A better option is to set up a limited liability company for your business as it reduces your personal liability for any mishaps. However, do seek professional legal advice before you proceed with any type of incorporation.
2. Determine if You Need a License
Some states require a real estate broker’s license in order to go into property management. Others are more lax about this. Again, check your state laws and get some good advice from a real estate attorney.
3. Develop Your Business Model
This will be the most complex and time-consuming part of your business set-up. Figuring out the operational facets of your business will require solid research, especially in terms of your fee structure, invoicing schedule and payment terms . You want to pay yourself well, but you also need to be competitive in the marketplace. Check out how much property management companies charge in your area and in the type of management you are going into.
4. Determine Your Operational Practices
As a new property manager, you’ll have a lot of spinning plates to deal with. In particular, you’ll have to:
- Develop sample contracts for potential clients
- Decide if you need to rent an office
- Figure out if you want to have full-time employees or contract workers
- Purchase all the software/hardware you may need.
Do not scrimp on the latter. The more business processes you can automate – the easier your job will be.
5. Think Through Your Marketing
How are you going to get clients? If you are already in the real estate business, networking and word-of-mouth marketing will probably be your primary source of new business. If not, it’s never too late to start. Join local homeowners association or business networking groups to make some early intros.
Also, don’t underestimate the digital space. Set up a website. Get on social media platforms and join groups within those platforms, specifically related to real estate and property management.
Do some direct marketing too. This can involve contacting potential clients through “cold calling,” but also paying for advertising in local real estate publications and journals. Develop relationships with local real estate companies, so that you can obtain referrals.
Rinse and repeat what’s working best in your particular case.
Is Property Management Right For You?
Once you dip your toes in this domain, you’ll realize that real property management is not as simple as it may look at first. While it does not involve the startup costs that many other small businesses do, you will have to do a lot of upfront research and preparation. As well, securing those first few clients may be quite challenging without any prior affiliations and experience.
To understand if property management is the right type of business for you, honestly answer the next questions:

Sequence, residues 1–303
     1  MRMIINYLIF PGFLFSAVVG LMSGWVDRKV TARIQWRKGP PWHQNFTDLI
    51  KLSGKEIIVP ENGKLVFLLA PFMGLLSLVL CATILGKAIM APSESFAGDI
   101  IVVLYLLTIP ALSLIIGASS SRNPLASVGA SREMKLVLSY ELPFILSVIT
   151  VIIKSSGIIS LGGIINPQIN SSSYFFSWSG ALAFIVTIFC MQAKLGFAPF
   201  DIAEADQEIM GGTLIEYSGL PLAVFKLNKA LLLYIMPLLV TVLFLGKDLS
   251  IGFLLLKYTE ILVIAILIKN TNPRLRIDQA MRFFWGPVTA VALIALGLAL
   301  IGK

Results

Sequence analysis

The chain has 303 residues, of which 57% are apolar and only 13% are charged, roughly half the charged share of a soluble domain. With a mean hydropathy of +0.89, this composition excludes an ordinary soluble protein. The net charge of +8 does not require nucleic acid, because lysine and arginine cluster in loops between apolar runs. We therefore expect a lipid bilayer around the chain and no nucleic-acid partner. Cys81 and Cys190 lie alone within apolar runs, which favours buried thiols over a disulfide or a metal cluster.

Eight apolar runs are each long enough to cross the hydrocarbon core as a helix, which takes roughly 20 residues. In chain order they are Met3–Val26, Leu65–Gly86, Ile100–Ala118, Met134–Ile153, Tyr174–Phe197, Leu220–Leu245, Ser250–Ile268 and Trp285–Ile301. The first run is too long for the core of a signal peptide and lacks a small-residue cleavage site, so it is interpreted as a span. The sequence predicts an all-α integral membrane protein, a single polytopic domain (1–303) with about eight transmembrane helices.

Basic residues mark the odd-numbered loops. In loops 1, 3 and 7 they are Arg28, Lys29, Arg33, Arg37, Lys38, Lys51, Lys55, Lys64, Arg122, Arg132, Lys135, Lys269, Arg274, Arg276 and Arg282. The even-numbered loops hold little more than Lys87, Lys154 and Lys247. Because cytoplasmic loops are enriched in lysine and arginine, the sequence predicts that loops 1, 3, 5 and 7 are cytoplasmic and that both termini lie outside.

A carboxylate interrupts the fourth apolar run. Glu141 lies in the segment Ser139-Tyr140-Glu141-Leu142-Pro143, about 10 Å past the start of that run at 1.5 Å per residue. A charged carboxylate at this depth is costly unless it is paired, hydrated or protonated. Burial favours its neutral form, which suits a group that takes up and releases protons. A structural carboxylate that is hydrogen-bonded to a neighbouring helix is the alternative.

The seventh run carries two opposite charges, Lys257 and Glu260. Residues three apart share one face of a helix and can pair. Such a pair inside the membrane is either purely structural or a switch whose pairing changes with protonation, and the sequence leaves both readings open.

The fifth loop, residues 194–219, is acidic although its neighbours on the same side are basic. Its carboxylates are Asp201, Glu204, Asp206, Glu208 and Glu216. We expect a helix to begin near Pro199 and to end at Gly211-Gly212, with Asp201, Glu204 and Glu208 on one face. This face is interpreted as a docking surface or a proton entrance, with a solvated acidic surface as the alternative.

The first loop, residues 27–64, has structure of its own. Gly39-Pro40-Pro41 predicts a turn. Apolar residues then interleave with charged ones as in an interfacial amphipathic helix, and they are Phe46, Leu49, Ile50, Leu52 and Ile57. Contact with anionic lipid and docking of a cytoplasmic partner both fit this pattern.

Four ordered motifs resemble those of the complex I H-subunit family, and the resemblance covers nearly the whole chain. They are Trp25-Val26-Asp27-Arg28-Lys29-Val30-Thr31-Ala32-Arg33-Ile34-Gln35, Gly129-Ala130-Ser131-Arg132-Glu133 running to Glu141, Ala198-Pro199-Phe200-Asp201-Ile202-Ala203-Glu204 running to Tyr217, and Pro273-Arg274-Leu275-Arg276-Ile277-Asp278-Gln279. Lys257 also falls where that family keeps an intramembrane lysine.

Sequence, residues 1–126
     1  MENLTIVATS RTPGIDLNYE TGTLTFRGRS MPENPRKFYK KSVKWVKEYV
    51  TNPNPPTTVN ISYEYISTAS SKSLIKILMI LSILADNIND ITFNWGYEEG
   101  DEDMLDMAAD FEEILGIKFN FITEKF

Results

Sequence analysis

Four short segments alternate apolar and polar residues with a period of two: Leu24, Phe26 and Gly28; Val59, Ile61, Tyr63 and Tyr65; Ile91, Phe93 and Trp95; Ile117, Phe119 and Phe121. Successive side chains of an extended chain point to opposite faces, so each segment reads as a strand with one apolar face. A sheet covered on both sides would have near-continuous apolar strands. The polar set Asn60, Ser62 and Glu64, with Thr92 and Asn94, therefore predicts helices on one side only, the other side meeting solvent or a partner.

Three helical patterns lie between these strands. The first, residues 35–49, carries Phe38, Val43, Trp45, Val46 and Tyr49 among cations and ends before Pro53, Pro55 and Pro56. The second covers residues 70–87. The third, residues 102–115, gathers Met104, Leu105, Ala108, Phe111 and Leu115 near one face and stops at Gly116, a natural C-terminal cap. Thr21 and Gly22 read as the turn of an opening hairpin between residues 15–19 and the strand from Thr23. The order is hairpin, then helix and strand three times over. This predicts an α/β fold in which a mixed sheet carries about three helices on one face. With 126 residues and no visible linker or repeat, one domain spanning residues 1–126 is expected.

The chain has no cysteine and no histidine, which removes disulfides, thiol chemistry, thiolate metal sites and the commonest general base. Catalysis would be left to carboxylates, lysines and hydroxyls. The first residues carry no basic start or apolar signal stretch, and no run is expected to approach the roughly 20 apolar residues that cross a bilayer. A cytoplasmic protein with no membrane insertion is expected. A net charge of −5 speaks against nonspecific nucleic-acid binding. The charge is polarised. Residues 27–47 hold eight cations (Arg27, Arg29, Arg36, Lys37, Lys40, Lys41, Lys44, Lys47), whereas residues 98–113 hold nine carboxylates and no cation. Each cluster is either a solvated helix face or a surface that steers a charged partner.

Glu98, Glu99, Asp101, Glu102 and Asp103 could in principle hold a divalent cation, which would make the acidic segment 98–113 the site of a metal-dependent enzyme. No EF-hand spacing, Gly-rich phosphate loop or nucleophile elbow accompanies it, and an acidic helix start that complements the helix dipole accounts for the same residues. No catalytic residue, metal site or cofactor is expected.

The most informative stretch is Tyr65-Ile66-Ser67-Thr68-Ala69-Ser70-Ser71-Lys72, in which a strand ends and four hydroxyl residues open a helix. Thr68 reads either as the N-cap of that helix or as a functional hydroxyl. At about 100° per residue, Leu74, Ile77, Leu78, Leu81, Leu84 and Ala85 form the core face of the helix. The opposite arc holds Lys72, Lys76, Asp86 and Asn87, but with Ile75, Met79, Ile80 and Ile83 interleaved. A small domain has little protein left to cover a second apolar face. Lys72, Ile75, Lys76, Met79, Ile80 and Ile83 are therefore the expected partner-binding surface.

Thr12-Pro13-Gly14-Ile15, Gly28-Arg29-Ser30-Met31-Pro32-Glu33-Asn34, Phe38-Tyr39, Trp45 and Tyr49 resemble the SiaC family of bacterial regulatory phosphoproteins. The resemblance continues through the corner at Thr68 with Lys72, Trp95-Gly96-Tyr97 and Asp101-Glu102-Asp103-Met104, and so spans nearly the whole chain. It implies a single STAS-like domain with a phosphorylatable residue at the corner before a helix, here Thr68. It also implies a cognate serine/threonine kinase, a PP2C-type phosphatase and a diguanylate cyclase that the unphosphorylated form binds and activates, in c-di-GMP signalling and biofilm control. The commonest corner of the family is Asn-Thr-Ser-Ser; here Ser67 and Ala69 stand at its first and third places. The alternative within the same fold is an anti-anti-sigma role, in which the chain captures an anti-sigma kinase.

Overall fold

How Assertive are You?
When tenants are not paying or when lease agreement elements are being violated, can you confront those tenants in an assertive and yet diplomatic fashion? And when you have to “lover the boom,” can you be tough enough? If you shy away from confrontations, this business may not be for you.
Are you Ready to Handle Emergencies?
Property managers can receive a fair share of late-night phone calls from tenants urging them to deal with emergencies (no heat, fire, other natural disasters, etc.). Are you up for that and do you have processes in place to deal with these?
If a crisis hits at 3:00 a.m., are you willing to respond immediately, provide for temporary housing for tenants, and then deal with insurance companies, etc.? Do you have access to 24-hour repair and maintenance providers? Be prepared to lose sleep at times.
Can You Be Assertive and Yet Diplomatic With Your Clients?
It is not unusual for property owners to contact you and assume that you will do more than the contract calls for. When this happens, you may need to get firm with your replies. Remind that their request is beyond the contract scope. This means that you’ll have to amend the contract to accommodate their “ask”. Also, mention that your gees will increase in this case. You cannot be a “pushover” and provide extra services for free. If you do this, you are setting a dangerous precedent with that client.
How Outgoing are You?
Introverts do not do well in this business. If you are an extrovert, gregarious, and enjoy constant interactions with a wide variety of people, you have the right personality for this business. Remember, clients and tenants can come from all walks of life, and you have to be able to meet them on their “turf,” not always on yours.
You can make a good living as a property manager. Just be certain you understand upfront what’s involved in this business.
Photo by Stephan Bechert